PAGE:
“…none of the selected agencies adequately managed the conflict of interest situations,” concluded the European Court of Auditors (ECA), adding, “the shortcomings identified were, however, of varying degrees.”
It said EFSA and the European Medicines Agency (EMA) had the best record when it came to the transparency of those scientists and experts that worked with them, with the European Aviation Safety Agency (EASA), European Chemicals Agency (ECHA) appearing more opaquely.
“Out of the selected agencies, EMA and EFSA have developed the most advanced policies and procedure for declaring, assessing and managing the conflict of interest.”
EFSA had the best report card when it came to transparency in areas like management declaration of interest, public consultation in policy matters, and use of external evaluators in expert recruitment (acts none of the other three agencies engaged in).
But overall, none of the agencies managed conflicts of interest very well, with the aviation body by far the worst in the audit of activities until October, 2011. For its part, EFSA implemented many changes that addressed points raised by the ECA after a review in December, 2011.
EFSA: “We are not complacent”
Responding, EFSA executive director Catherine Geslain-Lanéelle said: “From the very outset, EFSA has focused on providing rules on avoiding potential conflicts of interest to those individuals most involved with the Authority’s work and has developed its policies in line with the need to secure the impartiality of its scientific advice.”
“But we are not complacent on this issue as we know how important it is for the perception of, and trust in, EFSA’s work. We will continue to rigorously implement our new Policy on Independence and Scientific Decision-Making Processes and the related implementing rules which came into force in July.”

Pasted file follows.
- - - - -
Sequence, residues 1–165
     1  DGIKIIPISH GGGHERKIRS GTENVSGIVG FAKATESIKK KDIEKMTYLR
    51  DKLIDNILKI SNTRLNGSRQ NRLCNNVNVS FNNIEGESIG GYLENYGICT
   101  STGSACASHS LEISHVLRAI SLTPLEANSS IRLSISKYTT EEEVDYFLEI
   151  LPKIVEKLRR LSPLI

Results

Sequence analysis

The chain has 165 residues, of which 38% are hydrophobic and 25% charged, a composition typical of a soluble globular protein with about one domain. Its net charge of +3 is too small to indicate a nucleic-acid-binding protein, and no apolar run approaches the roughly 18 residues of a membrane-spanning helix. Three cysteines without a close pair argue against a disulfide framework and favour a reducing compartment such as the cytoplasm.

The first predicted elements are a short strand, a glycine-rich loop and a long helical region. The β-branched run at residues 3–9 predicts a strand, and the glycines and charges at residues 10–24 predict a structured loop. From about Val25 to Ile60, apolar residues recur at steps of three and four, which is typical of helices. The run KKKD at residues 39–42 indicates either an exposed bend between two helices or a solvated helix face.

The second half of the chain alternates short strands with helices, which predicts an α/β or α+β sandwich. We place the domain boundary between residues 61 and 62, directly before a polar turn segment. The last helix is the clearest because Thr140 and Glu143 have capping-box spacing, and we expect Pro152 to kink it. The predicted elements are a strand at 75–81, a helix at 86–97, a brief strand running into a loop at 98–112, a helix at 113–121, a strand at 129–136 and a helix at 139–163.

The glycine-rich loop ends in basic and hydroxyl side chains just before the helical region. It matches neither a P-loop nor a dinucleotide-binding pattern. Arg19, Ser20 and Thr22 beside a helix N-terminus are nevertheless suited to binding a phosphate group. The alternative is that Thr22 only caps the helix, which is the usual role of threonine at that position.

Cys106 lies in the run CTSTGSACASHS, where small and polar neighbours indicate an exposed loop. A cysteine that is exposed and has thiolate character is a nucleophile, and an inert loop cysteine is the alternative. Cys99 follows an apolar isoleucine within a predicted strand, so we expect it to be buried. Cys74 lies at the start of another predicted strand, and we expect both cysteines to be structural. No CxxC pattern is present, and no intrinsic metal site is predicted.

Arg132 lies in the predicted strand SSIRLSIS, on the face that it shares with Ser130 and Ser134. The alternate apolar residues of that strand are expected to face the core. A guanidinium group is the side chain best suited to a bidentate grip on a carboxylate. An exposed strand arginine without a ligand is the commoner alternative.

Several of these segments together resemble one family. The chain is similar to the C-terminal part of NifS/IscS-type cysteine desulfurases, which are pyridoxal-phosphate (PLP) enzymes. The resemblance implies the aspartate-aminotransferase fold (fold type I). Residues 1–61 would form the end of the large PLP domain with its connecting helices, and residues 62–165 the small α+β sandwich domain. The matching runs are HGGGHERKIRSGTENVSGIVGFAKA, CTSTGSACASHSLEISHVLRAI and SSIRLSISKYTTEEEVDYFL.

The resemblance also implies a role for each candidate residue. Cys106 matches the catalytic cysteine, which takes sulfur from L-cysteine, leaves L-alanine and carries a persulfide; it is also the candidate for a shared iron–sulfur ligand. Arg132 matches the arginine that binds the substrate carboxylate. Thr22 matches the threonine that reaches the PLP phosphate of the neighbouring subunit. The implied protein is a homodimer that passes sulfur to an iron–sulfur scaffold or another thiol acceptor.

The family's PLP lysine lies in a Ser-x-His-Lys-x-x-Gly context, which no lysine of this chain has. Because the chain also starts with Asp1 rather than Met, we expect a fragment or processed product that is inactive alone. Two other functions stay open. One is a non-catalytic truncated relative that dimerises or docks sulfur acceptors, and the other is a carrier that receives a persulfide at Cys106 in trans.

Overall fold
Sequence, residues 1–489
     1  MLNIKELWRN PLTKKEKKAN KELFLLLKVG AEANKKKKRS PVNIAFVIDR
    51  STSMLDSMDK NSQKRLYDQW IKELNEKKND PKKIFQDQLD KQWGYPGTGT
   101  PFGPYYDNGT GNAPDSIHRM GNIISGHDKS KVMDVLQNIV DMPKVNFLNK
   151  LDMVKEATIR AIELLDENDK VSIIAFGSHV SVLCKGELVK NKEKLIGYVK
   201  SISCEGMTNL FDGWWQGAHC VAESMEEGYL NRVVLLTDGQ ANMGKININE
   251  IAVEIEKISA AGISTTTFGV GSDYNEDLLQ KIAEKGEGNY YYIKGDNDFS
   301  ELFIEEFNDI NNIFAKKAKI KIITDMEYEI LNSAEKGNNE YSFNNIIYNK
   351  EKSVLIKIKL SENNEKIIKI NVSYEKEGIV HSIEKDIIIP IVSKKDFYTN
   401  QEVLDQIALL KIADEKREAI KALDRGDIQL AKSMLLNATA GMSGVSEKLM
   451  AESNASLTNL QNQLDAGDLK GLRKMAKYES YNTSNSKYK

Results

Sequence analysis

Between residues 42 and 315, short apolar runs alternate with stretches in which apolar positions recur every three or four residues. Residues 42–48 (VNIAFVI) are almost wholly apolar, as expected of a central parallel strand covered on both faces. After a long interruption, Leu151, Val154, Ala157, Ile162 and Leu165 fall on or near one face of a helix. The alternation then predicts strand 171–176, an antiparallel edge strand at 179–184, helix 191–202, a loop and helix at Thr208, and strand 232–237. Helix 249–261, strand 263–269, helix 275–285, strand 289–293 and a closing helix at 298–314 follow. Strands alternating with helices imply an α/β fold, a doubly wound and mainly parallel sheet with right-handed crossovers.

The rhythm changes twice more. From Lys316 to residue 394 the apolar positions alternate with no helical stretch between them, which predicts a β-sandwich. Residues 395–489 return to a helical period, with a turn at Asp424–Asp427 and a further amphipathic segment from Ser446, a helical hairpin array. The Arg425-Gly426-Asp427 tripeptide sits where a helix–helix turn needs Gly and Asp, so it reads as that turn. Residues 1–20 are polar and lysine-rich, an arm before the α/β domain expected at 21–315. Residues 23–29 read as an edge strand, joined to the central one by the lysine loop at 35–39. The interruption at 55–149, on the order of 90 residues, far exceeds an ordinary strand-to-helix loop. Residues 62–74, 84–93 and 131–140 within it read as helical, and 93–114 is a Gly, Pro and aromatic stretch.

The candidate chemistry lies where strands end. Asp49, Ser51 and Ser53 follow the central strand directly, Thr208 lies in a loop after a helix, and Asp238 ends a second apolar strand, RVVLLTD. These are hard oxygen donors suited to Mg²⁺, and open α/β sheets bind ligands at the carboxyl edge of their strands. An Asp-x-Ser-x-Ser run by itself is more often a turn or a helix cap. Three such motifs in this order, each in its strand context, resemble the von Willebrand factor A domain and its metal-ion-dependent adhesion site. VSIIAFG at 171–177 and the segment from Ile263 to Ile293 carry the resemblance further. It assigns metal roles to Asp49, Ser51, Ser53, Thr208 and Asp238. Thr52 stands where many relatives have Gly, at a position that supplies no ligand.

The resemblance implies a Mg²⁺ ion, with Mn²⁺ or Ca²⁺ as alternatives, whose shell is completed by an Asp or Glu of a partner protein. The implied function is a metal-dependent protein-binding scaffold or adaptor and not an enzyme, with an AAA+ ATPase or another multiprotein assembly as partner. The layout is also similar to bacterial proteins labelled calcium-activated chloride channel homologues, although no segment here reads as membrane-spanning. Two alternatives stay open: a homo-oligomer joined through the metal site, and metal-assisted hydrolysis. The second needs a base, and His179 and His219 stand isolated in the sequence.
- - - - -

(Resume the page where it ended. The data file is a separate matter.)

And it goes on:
The agency has been criticised for conflicts of interest due to member ties to food industry groups and firms, the GMO sector and consumer groups.
“Our actions will be guided by the recommendations of the European Court of Auditors’ report and the views of the European Parliament,” Geslain-Lanéelle said, referencing an Ernst and Young report that spoke of the agency’s, “culture of transparency and robust systems to ensure impartial scientific advice.”
EFSA has required experts to submit annual declarations of interest since the establishment of its scientific panels in 2003 and adopted its Policy on Declarations of Interest in 2007, updated in 2011 to improve screening processes.
“For experts, screening is carried out by EFSA twice before their appointment, firstly during the selection process and if they are selected, a second time before they are appointed,” the agency said.
In 2011 it screened more than 8,000 annual and specific declarations of interests and scrutinised more than 40,000 agenda items, with 356 experts totally or partially excluded from EFSA activities.
The audit found that the EFSA board management may impede partiality.
“…four out of the 15 EFSA Management Board Members have a background (including current involvement) in organisations representing consumers and other interests in the food industry.”
“Furthermore, the impartiality of EFSA’s work and decision-making might be jeopardised since three of these organisations represented on the Management Board are also represented in the stakeholder consultative platform.”
The audit defined conflicts of interest as: “… situations in which the private interests and affiliations of a public official create, or have the potential to create, conflict with the proper performance of his/her official duties.”
In its response included in the audit, EFSA stated: "EFSA would welcome a comprehensive EU regulatory framework that would officially regulate the structure of the evaluation and handling of conflicts of interest and support the assessment of compliance by any controlling authority."